House dust mite
|House dust mite|
The house dust mite (HDM) is a cosmopolitan pyroglyphid that lives in human habitation. Dust mites feed on organic detritus, such as flakes of shed human skin, and flourish in the stable environment of dwellings. House dust mites are a common cause of asthma and allergic symptoms worldwide. The mite's gut contains potent digestive enzymes (notably proteases) that persist in their feces and are major inducers of allergic reactions such as wheezing. The mite's exoskeleton can also contribute to allergic reactions. The European house dust mite (Dermatophagoides pteronyssinus) and the American house dust mite (Dermatophagoides farinae) are two different species, but are not necessarily confined to Europe or North America; a third species Euroglyphus maynei also occurs widely. Unlike scabies mites or skin follicle mites, house dust mites do not burrow under the skin and are not parasitic.
House dust mites, due to their very small size and translucent bodies, are barely visible to the unaided eye. A typical house dust mite measures 0.2–0.3 millimetres (0.008–0.012 in) in length. For accurate identification, one needs at least 10× magnification. The body of the house dust mite has a striated cuticle.
The average life cycle for a male house dust mite is 10 to 19 days. A mated female house dust mite can last up to 70 days, laying 60 to 100 eggs in the last 5 weeks of her life. In a 10-week life span, a house dust mite will produce approximately 2,000 fecal particles and an even larger number of partially digested enzyme-covered dust particles.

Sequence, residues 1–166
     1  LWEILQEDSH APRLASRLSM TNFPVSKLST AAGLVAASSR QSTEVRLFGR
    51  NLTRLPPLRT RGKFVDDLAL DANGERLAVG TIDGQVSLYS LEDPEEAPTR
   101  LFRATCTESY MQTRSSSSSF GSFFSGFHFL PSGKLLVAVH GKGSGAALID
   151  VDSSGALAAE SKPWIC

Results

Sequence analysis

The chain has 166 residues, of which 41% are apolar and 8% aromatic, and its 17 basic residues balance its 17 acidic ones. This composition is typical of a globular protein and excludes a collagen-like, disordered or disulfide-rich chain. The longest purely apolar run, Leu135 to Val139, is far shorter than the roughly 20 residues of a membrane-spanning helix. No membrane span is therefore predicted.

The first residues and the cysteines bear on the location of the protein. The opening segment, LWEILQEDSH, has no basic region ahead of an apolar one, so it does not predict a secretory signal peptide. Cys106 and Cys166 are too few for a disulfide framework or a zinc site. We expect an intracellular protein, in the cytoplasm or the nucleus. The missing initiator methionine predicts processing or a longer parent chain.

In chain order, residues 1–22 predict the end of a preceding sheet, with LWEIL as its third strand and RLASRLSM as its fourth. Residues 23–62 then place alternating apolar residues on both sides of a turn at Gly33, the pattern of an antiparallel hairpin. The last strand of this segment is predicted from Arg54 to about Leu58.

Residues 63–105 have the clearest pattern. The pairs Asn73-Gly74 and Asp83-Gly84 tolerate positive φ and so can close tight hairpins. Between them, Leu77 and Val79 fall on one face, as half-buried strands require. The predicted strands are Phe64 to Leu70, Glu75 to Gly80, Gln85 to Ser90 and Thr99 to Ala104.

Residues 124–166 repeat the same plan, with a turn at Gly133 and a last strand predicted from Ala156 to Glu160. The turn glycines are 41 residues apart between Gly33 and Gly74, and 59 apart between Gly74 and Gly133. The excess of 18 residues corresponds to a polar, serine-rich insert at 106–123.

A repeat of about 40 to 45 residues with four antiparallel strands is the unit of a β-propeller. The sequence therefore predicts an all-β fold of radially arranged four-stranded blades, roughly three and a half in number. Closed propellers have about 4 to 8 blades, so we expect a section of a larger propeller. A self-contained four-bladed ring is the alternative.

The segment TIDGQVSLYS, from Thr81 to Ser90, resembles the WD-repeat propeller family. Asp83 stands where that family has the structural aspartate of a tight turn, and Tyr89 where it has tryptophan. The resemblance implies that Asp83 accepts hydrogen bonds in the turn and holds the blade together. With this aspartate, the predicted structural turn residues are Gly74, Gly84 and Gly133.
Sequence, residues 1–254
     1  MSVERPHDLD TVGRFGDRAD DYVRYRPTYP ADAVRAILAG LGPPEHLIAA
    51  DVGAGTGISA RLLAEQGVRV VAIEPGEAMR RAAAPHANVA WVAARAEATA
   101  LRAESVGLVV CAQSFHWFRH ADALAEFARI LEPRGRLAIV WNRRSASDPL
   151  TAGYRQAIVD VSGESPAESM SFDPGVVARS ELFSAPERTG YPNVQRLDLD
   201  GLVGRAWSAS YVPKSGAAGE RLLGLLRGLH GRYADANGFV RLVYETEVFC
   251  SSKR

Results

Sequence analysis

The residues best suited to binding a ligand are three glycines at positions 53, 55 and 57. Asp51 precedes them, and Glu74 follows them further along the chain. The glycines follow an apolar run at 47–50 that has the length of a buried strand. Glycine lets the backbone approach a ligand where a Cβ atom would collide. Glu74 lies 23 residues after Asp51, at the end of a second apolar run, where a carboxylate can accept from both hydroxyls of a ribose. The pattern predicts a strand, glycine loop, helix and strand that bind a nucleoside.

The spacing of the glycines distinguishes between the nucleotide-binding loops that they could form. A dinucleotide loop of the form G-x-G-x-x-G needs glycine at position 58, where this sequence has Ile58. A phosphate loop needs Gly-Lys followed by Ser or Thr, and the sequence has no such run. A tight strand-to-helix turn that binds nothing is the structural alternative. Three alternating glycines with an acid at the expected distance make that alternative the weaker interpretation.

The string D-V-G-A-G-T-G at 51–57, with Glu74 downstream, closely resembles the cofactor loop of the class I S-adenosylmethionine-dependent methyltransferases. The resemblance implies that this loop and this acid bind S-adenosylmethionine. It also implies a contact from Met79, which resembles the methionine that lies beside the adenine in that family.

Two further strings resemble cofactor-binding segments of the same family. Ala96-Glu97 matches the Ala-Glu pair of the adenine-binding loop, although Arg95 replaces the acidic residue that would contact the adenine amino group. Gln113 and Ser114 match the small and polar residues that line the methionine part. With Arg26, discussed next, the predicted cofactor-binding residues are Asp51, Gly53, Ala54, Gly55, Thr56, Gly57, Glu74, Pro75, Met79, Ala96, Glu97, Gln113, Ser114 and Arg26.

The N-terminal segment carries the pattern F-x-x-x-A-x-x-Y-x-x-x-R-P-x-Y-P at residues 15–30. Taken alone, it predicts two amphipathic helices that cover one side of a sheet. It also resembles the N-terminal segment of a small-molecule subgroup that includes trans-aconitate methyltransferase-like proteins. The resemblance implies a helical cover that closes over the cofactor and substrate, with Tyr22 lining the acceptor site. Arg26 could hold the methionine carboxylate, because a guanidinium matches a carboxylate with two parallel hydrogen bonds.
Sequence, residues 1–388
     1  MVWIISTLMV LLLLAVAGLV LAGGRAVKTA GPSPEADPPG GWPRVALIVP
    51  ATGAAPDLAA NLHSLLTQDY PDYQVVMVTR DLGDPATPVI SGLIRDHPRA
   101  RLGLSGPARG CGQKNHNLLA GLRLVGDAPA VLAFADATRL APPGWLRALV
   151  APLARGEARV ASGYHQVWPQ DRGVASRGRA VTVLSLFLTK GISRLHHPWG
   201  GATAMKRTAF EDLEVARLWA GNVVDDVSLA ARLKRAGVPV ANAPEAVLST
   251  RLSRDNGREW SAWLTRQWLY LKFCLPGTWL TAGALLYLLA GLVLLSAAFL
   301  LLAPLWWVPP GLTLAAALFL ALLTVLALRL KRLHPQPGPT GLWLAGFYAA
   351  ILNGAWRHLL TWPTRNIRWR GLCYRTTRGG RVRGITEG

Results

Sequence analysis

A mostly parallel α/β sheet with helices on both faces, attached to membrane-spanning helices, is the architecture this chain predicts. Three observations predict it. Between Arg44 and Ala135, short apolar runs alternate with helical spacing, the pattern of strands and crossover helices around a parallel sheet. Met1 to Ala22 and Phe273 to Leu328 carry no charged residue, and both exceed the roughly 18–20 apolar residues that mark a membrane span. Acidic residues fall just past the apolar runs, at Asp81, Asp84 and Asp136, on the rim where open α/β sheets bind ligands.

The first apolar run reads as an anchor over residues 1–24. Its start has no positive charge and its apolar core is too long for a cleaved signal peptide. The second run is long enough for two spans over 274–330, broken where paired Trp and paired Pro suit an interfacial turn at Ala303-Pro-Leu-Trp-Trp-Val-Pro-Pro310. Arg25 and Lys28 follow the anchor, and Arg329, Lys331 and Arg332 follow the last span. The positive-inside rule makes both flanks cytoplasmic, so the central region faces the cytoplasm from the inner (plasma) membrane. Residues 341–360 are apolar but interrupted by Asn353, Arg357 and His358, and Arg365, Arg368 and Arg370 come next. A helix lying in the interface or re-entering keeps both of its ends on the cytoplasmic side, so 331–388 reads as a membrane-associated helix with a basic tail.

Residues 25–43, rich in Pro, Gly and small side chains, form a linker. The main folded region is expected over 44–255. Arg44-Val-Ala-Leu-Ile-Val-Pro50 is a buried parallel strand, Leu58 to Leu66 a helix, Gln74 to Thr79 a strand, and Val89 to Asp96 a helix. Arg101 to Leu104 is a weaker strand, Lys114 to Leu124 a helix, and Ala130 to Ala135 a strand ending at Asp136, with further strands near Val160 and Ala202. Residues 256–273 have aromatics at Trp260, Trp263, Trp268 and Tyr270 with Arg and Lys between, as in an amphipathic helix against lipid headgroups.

Habitat and food
The house dust mite survives in all climates, even at high altitude. House dust mites thrive in the indoor environment provided by homes, specifically in bedrooms and kitchens. Dust mites survive well in mattresses, carpets, furniture and bedding, with figures around 100–500 animals/g dust. Even in dry climates, house dust mites survive and reproduce easily in carpets and bedding (especially in pillows), which takes up moisture from body contact.
House dust mites consume minute particles of organic matter. Like all acari, house dust mites have a simple gut; they have no stomach but rather diverticulae, which are sacs or pouches that divert out of hollow organs. Like many decomposer animals, they select food that has been already partially broken down by fungi.
Asthma and allergies
House dust mites are associated with allergic rhinitis and asthma. Efforts to remove these mites from the environment have, however, not been found to be effective. Dust covers have also not been found to be effective. Immunotherapy may be useful in those affected. Subcutaneous injections have better evidence than under the tongue dosing.
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